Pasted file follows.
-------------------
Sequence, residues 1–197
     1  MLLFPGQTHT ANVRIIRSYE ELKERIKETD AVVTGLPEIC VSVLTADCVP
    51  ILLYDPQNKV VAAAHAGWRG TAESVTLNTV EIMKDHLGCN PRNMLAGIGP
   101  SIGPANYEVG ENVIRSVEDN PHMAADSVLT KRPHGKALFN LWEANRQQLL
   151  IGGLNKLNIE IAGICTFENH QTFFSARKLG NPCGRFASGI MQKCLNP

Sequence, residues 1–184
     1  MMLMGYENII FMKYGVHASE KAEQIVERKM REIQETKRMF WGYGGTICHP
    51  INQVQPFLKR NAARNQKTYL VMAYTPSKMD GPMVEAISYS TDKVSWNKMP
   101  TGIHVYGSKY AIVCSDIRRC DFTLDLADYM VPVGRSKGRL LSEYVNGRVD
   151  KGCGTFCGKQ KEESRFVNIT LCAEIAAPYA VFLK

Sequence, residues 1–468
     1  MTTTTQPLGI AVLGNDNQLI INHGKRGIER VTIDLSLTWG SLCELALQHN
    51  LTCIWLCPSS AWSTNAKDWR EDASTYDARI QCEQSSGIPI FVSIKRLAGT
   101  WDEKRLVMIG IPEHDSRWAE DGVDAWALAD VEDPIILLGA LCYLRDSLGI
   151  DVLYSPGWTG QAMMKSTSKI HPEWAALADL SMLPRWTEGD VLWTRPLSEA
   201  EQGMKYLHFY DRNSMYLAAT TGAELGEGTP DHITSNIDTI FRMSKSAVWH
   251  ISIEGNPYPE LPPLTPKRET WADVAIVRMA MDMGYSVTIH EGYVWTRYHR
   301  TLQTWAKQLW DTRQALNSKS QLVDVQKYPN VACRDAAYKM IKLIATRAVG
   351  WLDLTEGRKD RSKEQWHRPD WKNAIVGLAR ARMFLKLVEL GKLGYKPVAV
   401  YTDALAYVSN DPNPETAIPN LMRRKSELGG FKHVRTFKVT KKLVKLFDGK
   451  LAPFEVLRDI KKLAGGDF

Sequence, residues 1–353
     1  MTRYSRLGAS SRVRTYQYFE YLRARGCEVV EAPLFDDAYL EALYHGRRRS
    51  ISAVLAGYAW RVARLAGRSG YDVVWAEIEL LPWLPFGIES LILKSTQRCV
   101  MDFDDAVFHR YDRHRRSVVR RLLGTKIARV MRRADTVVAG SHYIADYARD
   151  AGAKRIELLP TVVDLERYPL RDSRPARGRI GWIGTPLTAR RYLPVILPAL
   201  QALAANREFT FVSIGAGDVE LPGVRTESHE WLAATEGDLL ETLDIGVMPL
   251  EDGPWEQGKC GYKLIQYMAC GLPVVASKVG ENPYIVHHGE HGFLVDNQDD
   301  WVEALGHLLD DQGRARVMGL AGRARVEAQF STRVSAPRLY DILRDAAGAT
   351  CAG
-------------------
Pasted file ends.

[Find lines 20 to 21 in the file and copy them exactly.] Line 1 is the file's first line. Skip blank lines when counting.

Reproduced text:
   401  YTDALAYVSN DPNPETAIPN LMRRKSELGG FKHVRTFKVT KKLVKLFDGK
   451  LAPFEVLRDI KKLAGGDF